Judging by the turnout this year, it would appear sport and recreation in Nunavut is pretty healthy.

The Recreation and Parks Association of Nunavut (RPAN) hosted its sixth annual conference in the capital from Oct. 19 to 21 with the highest-ever number of delegates attending, according to Dawn Currie, RPAN’s executive director.

“We had 83 registered delegates for the conference and some from Nunavik for the first time,” she said.
A total of nine made the trip in from Nunavik, which could have happened last year had it not been for bad timing.

Currie said this year wasn’t a problem, though.

“As soon as we put out the registration package in June, they were the first ones to call and register,” she said. “It’s good for us to have them come and be a part of it because we’re hoping we can support each other and help them grow there.”

This year’s conference featured three different streams of instruction: community recreation at the Frobisher Inn, soccer at the Inuksuk High School gymnasium and volleyball at Joamie and Nakasuk schools.

Quentin Sala of Sanikiluaq goes over some notes during a breakout session as part of the Recreation and Parks Association of Nunavut’s annual conference in Iqaluit on Oct. 20. Photo courtesy of Natalie Maerzluft.

The community recreation stream dealt with such workshops as Knowing Your Community, Volunteerism and Leading The Way, which looked at the NU Play after-school program and Get Happy Summer Day Camp program.

Two guest presenters from Toronto’s Humber College were on hand to help lead things in the form of Leila Kelleher and Sherri Branscombe and Currie said they’re no strangers to the North.

“They’ve been to Arviat before so they know a bit about what recreation looks like in Nunavut,” she said. “They were very interactive and there was no sitting around with them. The feedback we got about them was great and we’re already thinking of ideas for next year that involve them.”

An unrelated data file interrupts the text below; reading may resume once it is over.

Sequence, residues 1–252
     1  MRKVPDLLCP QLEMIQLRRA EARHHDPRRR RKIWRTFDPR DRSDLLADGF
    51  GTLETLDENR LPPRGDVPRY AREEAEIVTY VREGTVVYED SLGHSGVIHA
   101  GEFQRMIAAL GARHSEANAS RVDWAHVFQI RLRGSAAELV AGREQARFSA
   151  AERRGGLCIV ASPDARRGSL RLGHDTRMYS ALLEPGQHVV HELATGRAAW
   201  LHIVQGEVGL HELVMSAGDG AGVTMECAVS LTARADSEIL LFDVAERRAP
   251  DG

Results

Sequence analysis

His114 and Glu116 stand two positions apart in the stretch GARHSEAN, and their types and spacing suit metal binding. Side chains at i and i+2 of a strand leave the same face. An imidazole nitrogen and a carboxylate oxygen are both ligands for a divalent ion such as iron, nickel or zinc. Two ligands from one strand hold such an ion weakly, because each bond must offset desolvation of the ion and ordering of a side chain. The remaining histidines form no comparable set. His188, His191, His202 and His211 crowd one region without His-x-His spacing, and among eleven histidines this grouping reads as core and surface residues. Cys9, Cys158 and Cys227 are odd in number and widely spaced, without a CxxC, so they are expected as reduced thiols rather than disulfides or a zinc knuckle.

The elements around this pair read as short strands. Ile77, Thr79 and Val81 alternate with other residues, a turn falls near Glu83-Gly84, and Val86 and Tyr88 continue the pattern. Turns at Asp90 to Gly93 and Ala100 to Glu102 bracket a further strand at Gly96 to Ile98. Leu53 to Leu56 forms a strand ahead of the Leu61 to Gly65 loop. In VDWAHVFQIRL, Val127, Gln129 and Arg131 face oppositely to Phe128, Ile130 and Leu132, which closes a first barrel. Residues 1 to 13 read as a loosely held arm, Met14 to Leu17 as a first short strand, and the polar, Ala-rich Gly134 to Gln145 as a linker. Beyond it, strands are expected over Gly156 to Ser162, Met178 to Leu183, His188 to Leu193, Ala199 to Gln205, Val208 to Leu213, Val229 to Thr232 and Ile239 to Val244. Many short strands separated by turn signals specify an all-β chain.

That is, of course, if it fits the needs of RPAN and Humber College, she added.

“If the schedules work out, we’ll see if we can make it work,” she said.

Both the soccer and volleyball streams were chances for coaches and athletes to go through high-performance models. The soccer stream included work on defending and attacking principles, game play and the rules of futsal while the volleyball stream focused on such things as physical testing, drill preparation and offensive and defensive strategies, among other things.

The Sport and Recreation Awards Gala on Oct. 20 was the night where the best and brightest of the sport community were recognized for their work over the past 12 months.

More than 180 people attended the evening, said Currie, and it was all done in collaboration with the sport and recreation division.

One thing which was new this year for the awards was title sponsorship for the honours given out by RPAN, which included the Baffinland Iron Mines Recreation Leader of the Year, which went to Terry Killiktee of Clyde River, the Calm Air Community Organization of the Year – Cambridge Bay Minor Hockey – and the One Ocean Expedition Youth Leader of the Year, which went to Hayden Hickey of Iqaluit.

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